Calcium Supplement And Bone Medication Use In A US Medicare Health Maintenance Organization
Published 2002 · Medicine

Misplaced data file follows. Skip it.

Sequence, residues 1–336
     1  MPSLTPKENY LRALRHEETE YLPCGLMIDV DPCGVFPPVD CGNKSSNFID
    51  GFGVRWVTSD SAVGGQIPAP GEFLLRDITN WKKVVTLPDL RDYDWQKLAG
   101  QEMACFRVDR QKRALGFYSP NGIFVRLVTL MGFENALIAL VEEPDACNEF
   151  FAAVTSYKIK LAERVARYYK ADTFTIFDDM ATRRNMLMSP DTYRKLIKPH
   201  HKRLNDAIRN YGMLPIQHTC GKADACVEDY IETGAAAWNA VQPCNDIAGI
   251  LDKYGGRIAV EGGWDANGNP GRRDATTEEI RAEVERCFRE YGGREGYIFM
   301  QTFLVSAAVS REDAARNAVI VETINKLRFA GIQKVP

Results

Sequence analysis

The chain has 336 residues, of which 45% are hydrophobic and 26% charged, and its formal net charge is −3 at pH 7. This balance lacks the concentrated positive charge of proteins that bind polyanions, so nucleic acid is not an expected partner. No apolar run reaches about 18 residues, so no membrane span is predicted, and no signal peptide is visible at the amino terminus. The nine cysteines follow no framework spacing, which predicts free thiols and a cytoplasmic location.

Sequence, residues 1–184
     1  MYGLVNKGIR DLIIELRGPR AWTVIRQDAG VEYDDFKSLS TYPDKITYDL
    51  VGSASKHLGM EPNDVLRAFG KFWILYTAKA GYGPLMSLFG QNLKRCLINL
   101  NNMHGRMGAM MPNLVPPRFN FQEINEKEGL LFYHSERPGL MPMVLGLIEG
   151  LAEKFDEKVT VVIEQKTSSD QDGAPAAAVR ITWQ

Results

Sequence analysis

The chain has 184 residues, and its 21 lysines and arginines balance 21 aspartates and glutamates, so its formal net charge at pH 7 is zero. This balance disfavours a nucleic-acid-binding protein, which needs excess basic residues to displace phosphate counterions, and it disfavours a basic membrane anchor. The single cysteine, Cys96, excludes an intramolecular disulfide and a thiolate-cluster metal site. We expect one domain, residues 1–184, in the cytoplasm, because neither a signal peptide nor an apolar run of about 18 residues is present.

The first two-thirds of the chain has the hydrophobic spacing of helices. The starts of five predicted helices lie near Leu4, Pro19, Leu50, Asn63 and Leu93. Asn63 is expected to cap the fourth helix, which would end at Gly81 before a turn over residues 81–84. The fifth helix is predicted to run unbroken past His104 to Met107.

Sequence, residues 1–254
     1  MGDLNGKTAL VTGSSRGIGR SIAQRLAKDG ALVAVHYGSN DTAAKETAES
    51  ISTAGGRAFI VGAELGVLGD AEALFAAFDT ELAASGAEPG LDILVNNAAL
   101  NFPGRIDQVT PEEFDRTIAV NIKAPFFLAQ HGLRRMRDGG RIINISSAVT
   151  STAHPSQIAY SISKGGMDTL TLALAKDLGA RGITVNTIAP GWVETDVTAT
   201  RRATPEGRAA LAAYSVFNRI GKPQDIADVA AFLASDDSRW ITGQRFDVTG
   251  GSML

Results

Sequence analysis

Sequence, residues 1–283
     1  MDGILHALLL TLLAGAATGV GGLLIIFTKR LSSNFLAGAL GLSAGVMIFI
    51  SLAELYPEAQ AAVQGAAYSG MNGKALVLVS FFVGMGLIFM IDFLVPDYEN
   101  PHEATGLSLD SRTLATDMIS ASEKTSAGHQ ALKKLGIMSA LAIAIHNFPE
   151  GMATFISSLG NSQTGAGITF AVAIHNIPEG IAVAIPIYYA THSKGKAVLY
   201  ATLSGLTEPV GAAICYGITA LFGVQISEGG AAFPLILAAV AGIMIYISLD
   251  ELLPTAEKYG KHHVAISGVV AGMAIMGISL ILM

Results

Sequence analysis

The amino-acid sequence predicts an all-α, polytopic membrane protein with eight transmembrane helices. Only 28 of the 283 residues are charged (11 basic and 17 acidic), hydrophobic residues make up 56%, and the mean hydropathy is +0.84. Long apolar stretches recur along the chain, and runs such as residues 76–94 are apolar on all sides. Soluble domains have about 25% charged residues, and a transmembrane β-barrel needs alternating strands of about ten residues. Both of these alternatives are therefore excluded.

Abstract: This study was conducted to determine the prevalence of the use of calcium supplements and of prescription medications to prevent or treat osteoporosis in men and women in a large New England Medicare Health Maintenance Organization (HMO). A two-page diet, medication use and medical history questionnaire was sent to a random sample of 9000 out of 82 985 members and 2932 (32.6%) responded. Over 97% of the participants were Caucasian and 64.7% were female. The mean ages of the men and women were 74.4 ± 5.8 and 74.6 ± 6.2 years, respectively. Sixty-nine percent of the men and 59% of the women consumed two or fewer servings of dairy foods per day. Calcium supplement use was more prevalent among the women than the men (66.8% vs 24.9%, p<0.001). Men and women with higher dairy food intakes were more likely to take calcium supplements than were those with lower dairy intakes. Prescription bone medications (including bisphosphonates, raloxifene and calcitonin) were used currently by 17.5% of the women and 2.3% of the men (p<0.001). An additional 16.2% of the women currently took estrogen. Among the women, bone medication use did not change with age but estrogen use declined with increasing age. Among women age 80+ years, 15.6% used bone medications and 4.9% took estrogen. According to a national survey, more than half the US Caucasian female population over age 80 years has bone density low enough to warrant treatment under current guidelines. Based on the results of this survey, many elderly men and women may benefit from increased utilization of calcium supplements and bone-active medications.